Why An Economic Downturn Could Be Worse For Democrats Than For Trump In 2020

Recently, the interest yield of the 10-year US Treasury bond dipped below the interest yield of the 3-year US Treasury bond. The difference between these two yields is plotted on a graph and called a curve. When the curve dips below zero, i.e. the yield of the 10-year bond is less than the yield of the 3-year bond, that indicates that investors think it is riskier to keep money in the 3-year bond (and thus, in simple terms, you will make more money on the interest if you risk putting your money there) than in the 10-year bond (so you will make less money if you put your money there, because it is safer bet). The bond yield curve is a good indicator that a recession might be coming soon, within the next 3 years, or at least that investors and the market generally expect that a recession is likely. The curve inverted like this in 2007 before the 2008 recession, and again before every recession going back for decades.

Of course, with news that the bond yield curve is inverting now, the news is buzzing with recession worries. Add to this the falling DOW Jones Industrial Average and bad news coming out of Trump’s trade war with China, and the nation is feeling economic anxiety that it hasn’t felt in 10 years. After a decade of booming growth during the Obama years, Americans are afraid that Trump is going to ruin the economy the way he has bankrupted many of his other businesses. He is infamous in the business world for taking over companies, pumping up their value artificially, running them into the ground, and then selling off the parts for profit. Why would he do anything else as President? Can he do anything else?

The popular wisdom about recessions is that they have the power to end presidencies. This has been born out in most past recessions. They have historically happened during Republican administrations and they often lead to a Democratic victory in the next round of elections. If that pattern holds up and there is another recession in the next 12 months, then Democrats could be looking at an easy victory in 2020, so the thinking goes. Of course, that does not mean that Democrats want a recession. It simply means that if a recession happens, the silver lining for Democrats will be that they will be ushered back into power. Since Democrats have so far failed to impeach Trump or take him down via a scandal, they are eager to vote him out in 2020, and a recession would boost their chances to do that.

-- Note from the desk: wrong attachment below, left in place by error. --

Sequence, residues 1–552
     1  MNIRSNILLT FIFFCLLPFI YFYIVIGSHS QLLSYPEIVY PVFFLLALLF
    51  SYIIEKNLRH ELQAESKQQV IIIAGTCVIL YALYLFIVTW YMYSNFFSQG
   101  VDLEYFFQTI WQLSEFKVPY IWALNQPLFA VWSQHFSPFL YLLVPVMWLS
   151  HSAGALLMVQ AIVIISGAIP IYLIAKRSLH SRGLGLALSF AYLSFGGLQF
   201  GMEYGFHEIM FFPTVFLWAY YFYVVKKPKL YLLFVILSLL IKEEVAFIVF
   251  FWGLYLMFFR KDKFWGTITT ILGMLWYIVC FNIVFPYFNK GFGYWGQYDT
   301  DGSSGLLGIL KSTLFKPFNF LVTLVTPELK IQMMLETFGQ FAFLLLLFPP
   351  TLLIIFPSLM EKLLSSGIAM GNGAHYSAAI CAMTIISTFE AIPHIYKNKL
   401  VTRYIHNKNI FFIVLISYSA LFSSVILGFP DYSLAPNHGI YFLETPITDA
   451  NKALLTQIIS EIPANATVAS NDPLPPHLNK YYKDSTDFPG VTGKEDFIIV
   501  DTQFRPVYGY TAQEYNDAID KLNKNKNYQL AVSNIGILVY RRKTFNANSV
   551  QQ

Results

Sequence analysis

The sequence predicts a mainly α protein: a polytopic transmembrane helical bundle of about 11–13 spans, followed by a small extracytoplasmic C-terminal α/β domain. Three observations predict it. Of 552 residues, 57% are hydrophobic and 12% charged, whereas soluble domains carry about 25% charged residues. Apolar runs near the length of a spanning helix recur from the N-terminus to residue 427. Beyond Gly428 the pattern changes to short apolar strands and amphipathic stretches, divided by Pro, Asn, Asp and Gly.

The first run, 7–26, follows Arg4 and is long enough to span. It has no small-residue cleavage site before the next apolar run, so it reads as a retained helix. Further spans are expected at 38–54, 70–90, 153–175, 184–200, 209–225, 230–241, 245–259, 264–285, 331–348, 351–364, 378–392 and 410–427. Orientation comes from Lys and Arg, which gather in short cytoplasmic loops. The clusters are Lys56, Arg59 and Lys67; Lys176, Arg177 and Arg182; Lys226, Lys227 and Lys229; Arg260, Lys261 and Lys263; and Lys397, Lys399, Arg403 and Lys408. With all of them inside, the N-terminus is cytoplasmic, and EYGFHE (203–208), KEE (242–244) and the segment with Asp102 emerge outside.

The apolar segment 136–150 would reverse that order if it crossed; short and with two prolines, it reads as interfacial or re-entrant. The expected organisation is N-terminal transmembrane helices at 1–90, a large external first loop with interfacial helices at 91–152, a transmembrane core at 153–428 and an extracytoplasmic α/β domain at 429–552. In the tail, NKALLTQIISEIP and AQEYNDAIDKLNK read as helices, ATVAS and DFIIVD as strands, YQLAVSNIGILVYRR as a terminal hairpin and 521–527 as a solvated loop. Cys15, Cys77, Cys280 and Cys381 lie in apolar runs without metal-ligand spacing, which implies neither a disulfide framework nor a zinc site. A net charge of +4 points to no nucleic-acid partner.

However, popular wisdom is often wrong. Of course, the chances that a recession would not take Trump down are low. His approval ratings are already way down and he is facing several potentially strong primary challengers in 2020. Adding a recession to that would basically be a nail in his golden coffin. But Democrats have historically underestimated Trump’s ability to survive in the face of adversity, and not just survive, but flourish. He seems to have a knack for gaining power despite threats from all sides. Democrats have repeatedly felt absolutely certain that some scandal or tweet or polling number would indicate or lead to Trump’s downfall. Such an event has never happened. Trump is still President. As a result, as unlikely as it might be, it is worth considering how Trump’s presidency could survive even an economic recession.

Probably the most likely way Trump would be able to survive a recession is by blaming it on the Democrats in Congress. Generally, Americans dislike Congress much more than Presidents, and they are always ready to blame lawmakers who they feel are trashing the country. Trump has already started blaming Democrats for opposing the United States-Mexico-Canada Agreement (USMCA), Trump’s new replacement for NAFTA. If that deal falls through, Trump can easily turn around a blame Democrats for a recession. This would obviously be nonsense, but what matter is in the age of fake news is not the truth, but the narrative. All Trump has to do is create a false narrative that, by thwarting the USMCA, the Democrats doomed an otherwise booming economy.